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Resources for injured students on campus

<p>Injured students on Miami&#x27;s campus have several resources they can turn to.</p>

Injured students on Miami's campus have several resources they can turn to.

When first-year zoology major Lauren Bedell broke her foot in August 2020, it put a dent in her college plans.

Instead of moving onto campus in September, she decided to wait until October when she would be off of her crutches.

When she came to campus, she was still in a boot, and it made some parts campus life difficult to navigate.

“[The biggest challenge was] having to walk places,” Bedell said. “Since I’m in Peabody, I am pretty far away from most places, so walking Uptown was quite an adventure. Even just walking to Armstrong, I’d say it took me [a long time] … I had to walk slower.”

Bedell had mostly online classes, and she didn’t have to worry about getting to campus on time. Because of this, she didn’t use any of the university’s disability services, but would have if her situation were different.

“Thinking back, if I had all in-person classes, it would have been quite a struggle because of trying to time everything to get to class on time and then all the walking probably would have hurt my foot,” she said. “So if I had more in-person classes I definitely would have used the disability services.”

Stephanie Dawson, director of the Miller Center for Student Disability Services at Miami University, said her office works with students like Bedell who have injuries that temporarily affect their abilities.

“The role of the Miller Center is to coordinate accommodations and services for students with disabilities, and when a student has an injury, that is considered a transitory impairment,” Dawson said, “and so there are some resources that we may connect students with when they are injured.”

Short-term injuries aren’t legally considered disabilities, but the Miller Center can help students with conditions that will impact them for three to six months.

For these students, the Miller Center focuses on advocating for accommodations and connecting them to resources they may need. For example, if a student has a hand surgery, they may provide text-to-speech software. If a student has an ACL injury, they may advocate for that student to get housing on the first floor.

“We really will advocate for the student to have accommodations based on whatever their individual need is,” Dawson said.

Students with injuries that last shorter than three months can get connected to resources through the Dean of Students office.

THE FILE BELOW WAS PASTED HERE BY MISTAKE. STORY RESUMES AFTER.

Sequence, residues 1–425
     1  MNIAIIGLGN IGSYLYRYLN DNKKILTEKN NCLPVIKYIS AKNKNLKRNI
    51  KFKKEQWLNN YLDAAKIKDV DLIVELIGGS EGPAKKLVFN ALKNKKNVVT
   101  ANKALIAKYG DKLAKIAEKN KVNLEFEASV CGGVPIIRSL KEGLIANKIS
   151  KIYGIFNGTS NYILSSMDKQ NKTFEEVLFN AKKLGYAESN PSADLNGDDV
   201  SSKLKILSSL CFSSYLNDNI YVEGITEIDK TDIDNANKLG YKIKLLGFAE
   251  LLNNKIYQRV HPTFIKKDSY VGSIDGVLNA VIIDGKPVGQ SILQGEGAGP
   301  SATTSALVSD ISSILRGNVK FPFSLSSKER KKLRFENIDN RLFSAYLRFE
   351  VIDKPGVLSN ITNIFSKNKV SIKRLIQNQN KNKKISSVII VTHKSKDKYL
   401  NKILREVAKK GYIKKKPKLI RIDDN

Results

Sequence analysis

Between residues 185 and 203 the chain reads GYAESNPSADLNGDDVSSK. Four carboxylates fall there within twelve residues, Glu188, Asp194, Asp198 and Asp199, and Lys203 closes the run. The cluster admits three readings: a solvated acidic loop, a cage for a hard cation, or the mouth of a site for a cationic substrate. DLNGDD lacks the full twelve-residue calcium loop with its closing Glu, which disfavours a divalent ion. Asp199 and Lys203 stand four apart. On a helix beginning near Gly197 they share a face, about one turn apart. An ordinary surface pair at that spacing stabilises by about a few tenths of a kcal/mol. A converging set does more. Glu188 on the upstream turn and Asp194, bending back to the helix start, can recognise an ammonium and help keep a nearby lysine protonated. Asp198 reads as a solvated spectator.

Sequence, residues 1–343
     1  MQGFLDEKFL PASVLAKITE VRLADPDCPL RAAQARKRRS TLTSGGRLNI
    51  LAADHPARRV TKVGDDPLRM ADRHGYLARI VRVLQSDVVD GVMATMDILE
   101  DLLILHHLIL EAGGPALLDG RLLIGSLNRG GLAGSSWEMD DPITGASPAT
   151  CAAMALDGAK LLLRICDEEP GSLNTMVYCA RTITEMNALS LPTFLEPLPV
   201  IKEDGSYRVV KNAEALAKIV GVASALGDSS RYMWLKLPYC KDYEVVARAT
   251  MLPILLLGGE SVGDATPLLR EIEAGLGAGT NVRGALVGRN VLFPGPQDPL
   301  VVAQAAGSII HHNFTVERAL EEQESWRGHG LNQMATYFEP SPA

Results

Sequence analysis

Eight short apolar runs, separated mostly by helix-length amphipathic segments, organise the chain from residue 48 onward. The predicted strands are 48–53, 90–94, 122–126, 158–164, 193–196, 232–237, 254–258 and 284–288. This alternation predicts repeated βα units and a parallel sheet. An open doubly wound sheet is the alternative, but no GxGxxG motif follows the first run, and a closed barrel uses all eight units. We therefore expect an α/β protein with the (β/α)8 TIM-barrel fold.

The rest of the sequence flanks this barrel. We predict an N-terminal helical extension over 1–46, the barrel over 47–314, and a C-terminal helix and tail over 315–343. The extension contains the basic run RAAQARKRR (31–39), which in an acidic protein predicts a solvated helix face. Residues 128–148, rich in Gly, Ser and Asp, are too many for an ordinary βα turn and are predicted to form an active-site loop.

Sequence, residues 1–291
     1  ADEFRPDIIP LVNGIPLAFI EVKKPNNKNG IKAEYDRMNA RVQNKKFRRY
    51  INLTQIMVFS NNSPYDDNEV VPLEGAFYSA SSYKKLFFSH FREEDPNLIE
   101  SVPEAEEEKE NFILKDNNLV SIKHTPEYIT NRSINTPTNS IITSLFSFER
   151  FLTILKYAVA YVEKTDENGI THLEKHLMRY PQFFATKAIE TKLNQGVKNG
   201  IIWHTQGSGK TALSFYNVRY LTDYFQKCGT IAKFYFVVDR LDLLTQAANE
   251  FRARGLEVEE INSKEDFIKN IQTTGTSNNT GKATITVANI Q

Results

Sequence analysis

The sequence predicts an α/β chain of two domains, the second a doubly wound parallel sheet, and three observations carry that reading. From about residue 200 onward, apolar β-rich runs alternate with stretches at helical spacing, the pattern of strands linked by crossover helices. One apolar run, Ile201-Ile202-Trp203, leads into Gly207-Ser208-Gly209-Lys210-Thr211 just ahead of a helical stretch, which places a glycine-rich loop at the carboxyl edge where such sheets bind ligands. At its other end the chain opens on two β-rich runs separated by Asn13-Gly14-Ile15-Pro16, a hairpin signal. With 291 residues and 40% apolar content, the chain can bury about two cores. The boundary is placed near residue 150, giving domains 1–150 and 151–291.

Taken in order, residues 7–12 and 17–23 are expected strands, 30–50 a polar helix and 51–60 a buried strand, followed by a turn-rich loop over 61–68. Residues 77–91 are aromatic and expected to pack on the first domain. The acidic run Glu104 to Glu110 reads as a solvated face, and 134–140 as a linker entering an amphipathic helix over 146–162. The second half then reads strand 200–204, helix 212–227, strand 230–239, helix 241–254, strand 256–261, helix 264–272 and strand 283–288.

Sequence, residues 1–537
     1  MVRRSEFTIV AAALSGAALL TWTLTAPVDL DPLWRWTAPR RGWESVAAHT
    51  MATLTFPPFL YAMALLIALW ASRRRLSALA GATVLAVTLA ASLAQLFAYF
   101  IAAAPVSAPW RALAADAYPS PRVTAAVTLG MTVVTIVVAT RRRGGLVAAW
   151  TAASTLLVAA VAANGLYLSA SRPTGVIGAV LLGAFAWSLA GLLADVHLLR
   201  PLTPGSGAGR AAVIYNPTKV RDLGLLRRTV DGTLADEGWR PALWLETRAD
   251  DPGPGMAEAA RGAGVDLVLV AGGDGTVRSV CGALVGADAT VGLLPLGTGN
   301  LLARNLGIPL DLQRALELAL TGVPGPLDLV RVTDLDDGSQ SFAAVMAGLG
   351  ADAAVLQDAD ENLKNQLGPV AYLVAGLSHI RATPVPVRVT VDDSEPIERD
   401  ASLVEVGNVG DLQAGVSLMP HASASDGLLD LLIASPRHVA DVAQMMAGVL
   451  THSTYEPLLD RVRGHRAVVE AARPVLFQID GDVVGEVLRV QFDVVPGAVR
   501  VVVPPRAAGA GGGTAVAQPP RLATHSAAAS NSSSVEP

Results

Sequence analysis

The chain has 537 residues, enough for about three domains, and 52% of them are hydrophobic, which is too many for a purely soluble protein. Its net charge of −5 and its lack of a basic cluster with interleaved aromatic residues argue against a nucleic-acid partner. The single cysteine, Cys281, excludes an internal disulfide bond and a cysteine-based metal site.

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Tim Parsons, assistant dean of students, wrote in an email to The Miami Student that the office doesn’t directly provide accommodations, but refers students to where they can get them.

“The Office of the Dean of Students would offer to meet with the student to learn more about their situation and the challenges they are facing so that we could make appropriate connections and referrals to the people, offices and resources that can best provide direct support,” Parsons wrote.

One thing the Office of the Dean of Students might do is connect students with the appropriate person in Residence Life to receive housing accommodations if needed.

Another resource that is available to injured students is through Butler County Regional Transit Authority’s (BCRTA) BCare program. 

The service, offered throughout Butler County, is available to people with temporary or permanent disabilities that make it difficult for them to take the fixed bus routes and is required by the Americans with Disabilities Act (ADA).

“[The program is] set up for students that have disabilities in a sense that, whether they are gonna be something that is gonna impact them for the rest of their life or something that may be short term, it's really geared toward people with mobility issues,” Luke Morgan, director of operations for BCRTA said

While the Miller Center or Office of the Dean of Students may connect students with BCare, they must apply to use the service and have a  signature from a medical professional certifying they are unable to take the regular bus route.

Once they are approved, students can request rides and even schedule them for the whole semester if they have weekly classes.

Parsons and Dawson agreed that one of the biggest challenges for students with injuries is not knowing where to go to get help.

“I think the main [challenge] is that students don’t always know that they should reach out to their faculty or dean of students,” Dawson said, “and so, as a whole, there is an ongoing need to educate students on what to do if they are injured or have an illness.”

Parsons said the Office of the Dean of Students is working to fix this need.

“The Office of the Dean of Students is consistently working to make our office more visible and accessible to students as a first point of contact for any needs that may arise when they don't know where else to go,” Parsons wrote.

Bedell never reached out to the Miller Center or Dean of Students. Although she thought she didn’t need any accommodations, she wasn’t aware of all the resources that were available to her, like the BCare program, which she says would have been helpful.

“Going directly from Peabody to my class or wherever I was going would have been helpful,” she said. “[The bus] kinda makes a ton of stops and none of them are super direct.”

Between the Miller Center, Office of the Dean of Students and the BCare program, many resources are available to injured students who need accommodations.